Individual study: The significance of restored flower-rich hay meadows on set-aside land for butterflies and grasshoppers
Bosshard A. & Kuster D. (2001) The significance of restored flower-rich hay meadows on set-aside land for butterflies and grasshoppers. Agrarforschung, 8, 252-257
This study is summarised as evidence for the intervention(s) shown on the right. The icon shows which synopsis it is relevant to.
Restore/create species-rich, semi-natural grassland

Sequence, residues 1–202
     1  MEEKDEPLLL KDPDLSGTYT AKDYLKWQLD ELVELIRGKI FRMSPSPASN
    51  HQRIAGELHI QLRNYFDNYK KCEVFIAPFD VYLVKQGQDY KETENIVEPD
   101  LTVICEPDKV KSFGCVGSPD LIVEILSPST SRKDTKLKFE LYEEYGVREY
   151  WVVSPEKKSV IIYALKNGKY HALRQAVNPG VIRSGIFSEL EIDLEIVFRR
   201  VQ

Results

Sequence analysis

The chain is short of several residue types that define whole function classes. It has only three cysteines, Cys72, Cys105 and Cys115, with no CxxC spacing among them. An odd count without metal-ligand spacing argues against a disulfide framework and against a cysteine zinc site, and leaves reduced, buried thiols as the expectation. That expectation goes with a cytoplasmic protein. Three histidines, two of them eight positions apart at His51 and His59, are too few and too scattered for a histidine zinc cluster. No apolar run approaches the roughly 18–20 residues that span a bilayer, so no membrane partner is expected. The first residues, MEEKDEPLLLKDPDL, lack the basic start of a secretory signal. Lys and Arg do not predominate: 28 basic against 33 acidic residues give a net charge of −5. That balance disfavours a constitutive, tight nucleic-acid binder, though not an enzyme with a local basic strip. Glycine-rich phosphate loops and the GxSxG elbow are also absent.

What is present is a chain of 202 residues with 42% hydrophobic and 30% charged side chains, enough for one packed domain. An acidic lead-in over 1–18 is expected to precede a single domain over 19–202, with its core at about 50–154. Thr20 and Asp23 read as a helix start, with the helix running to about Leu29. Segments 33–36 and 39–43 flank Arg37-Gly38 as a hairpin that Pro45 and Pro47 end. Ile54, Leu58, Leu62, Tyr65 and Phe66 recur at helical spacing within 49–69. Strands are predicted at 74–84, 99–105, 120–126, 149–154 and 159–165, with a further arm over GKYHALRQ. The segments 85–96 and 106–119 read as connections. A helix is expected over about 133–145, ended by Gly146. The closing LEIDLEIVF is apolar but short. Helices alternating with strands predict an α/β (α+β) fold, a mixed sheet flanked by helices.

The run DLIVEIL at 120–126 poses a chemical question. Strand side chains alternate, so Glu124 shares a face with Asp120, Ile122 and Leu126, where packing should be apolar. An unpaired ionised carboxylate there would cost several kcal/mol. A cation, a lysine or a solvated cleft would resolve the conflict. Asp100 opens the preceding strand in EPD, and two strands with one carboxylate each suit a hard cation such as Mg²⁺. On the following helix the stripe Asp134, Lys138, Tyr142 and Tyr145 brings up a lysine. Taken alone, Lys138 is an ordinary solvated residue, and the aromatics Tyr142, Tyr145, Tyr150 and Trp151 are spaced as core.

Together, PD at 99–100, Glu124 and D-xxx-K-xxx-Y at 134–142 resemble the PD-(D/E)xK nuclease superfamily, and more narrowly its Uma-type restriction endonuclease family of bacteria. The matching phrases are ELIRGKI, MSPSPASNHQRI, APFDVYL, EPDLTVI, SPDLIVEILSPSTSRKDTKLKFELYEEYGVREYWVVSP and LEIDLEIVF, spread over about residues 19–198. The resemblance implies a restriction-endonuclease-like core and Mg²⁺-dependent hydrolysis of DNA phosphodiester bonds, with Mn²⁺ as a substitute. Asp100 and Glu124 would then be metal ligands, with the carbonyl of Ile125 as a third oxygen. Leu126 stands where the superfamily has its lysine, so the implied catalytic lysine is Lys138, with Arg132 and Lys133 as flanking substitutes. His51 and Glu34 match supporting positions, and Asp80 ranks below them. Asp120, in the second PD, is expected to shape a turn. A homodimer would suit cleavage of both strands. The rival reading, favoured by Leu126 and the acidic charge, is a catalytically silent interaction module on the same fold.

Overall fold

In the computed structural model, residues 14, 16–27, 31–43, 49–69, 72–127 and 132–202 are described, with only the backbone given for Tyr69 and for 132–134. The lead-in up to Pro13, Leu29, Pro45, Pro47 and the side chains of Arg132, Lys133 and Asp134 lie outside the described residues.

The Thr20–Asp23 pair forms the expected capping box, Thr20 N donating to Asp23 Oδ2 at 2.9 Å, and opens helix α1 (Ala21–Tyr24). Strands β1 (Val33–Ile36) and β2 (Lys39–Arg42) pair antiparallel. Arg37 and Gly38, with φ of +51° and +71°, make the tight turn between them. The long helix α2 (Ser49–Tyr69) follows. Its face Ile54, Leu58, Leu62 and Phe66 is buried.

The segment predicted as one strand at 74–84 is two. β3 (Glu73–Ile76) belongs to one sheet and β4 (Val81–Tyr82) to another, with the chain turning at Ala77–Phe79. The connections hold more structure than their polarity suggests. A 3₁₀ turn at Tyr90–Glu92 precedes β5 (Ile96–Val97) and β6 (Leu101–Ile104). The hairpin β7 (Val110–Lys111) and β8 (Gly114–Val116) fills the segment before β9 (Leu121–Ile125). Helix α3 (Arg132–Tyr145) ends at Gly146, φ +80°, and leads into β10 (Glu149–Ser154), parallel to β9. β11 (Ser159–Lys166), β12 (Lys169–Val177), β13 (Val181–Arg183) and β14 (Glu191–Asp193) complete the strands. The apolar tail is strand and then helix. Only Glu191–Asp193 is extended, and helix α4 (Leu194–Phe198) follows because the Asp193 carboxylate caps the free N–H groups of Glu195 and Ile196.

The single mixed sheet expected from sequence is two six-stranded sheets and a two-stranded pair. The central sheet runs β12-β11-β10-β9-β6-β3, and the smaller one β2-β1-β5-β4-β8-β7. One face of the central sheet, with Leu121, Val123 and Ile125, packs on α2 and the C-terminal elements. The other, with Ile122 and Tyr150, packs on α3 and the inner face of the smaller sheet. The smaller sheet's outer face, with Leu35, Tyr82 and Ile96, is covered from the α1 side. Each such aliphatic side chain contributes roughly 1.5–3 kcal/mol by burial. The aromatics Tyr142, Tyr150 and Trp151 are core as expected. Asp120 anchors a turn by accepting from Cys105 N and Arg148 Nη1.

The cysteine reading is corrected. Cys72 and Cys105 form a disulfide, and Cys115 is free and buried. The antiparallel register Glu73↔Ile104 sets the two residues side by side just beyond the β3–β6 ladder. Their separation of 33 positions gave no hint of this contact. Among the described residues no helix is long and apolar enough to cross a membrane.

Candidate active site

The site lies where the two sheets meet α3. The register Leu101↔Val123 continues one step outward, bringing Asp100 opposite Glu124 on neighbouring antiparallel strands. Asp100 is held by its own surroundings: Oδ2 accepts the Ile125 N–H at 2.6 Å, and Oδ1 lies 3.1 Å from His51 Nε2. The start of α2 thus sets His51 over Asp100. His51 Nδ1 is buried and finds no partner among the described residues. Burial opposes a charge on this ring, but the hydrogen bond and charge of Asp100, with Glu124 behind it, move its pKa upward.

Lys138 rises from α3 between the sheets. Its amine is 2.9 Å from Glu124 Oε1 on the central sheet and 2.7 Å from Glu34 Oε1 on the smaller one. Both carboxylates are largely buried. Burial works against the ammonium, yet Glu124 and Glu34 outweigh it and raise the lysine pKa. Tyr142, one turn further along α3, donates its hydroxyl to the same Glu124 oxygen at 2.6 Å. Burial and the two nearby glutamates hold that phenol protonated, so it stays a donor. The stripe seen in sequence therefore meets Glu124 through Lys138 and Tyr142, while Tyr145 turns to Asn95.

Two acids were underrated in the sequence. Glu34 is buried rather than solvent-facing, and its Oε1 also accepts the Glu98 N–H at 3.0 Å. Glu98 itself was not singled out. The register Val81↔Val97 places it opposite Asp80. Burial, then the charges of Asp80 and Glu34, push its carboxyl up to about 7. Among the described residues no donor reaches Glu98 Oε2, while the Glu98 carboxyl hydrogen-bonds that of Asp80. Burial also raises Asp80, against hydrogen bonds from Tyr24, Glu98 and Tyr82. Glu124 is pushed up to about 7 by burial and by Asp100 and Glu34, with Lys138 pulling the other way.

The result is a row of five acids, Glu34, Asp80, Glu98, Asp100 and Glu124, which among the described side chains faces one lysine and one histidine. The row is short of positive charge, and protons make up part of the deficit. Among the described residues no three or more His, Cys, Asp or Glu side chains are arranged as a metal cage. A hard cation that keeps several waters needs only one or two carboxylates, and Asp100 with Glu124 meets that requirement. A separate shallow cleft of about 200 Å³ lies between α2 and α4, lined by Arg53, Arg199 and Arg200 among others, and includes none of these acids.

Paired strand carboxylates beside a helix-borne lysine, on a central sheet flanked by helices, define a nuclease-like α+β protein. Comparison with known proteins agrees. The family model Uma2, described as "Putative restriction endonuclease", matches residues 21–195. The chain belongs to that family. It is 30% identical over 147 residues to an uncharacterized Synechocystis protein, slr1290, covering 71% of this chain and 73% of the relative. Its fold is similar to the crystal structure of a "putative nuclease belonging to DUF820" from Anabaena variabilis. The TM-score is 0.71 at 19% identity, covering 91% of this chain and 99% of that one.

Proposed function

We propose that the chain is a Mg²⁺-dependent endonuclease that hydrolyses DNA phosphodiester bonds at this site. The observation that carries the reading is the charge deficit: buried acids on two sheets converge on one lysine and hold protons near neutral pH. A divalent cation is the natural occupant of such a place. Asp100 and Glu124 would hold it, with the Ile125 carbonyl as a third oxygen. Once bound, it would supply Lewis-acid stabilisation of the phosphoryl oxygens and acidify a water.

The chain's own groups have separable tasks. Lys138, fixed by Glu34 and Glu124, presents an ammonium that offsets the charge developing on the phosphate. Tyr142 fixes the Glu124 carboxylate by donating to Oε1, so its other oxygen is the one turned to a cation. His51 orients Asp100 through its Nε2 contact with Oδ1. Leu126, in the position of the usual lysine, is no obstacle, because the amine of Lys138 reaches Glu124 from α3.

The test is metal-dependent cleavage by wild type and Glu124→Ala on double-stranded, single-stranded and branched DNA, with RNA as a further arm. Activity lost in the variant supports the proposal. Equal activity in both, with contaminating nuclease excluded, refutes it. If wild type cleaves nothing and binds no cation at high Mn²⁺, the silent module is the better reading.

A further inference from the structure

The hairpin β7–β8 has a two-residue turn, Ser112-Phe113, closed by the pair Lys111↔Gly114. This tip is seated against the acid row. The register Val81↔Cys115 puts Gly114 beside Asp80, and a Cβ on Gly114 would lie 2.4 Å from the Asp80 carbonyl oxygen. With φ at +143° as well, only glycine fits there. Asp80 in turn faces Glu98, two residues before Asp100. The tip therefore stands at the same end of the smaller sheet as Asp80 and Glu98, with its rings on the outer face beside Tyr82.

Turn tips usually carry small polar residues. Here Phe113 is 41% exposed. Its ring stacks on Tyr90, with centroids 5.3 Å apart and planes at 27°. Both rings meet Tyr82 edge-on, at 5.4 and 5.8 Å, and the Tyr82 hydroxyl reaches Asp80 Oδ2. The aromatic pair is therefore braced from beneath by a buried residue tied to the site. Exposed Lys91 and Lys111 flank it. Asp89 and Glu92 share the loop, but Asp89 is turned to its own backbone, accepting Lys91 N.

A replicated study in 1995-2000 in 11 sites with newly created flower-rich meadows on set-aside land in central Switzerland (Bosshard & Kuster 2001) found generally higher butterfly (Lepidoptera) densities on the created meadows (e.g. 170 individuals/ha in Riedikon) than on intensively managed arable land. However, the highest densities were found in flower-rich field margins (e.g. 440 individuals/ha in Seewadel). Adult butterfly abundance was positively correlated to the number of flower units, and up to 98% of flower visits were recorded on only five plant species. Note that no statistical analyses are presented in this study. On three main sites (Berg, Riedikon and Seewadel), flower-rich meadows were established on 0.5-0.6 ha experimental plots. Butterflies were recorded during seven visits from May-September 1999 along fixed transects. In an additional eight sites, butterflies and grasshoppers (Orthoptera) were monitored in 1995-2000 approximately twice a year.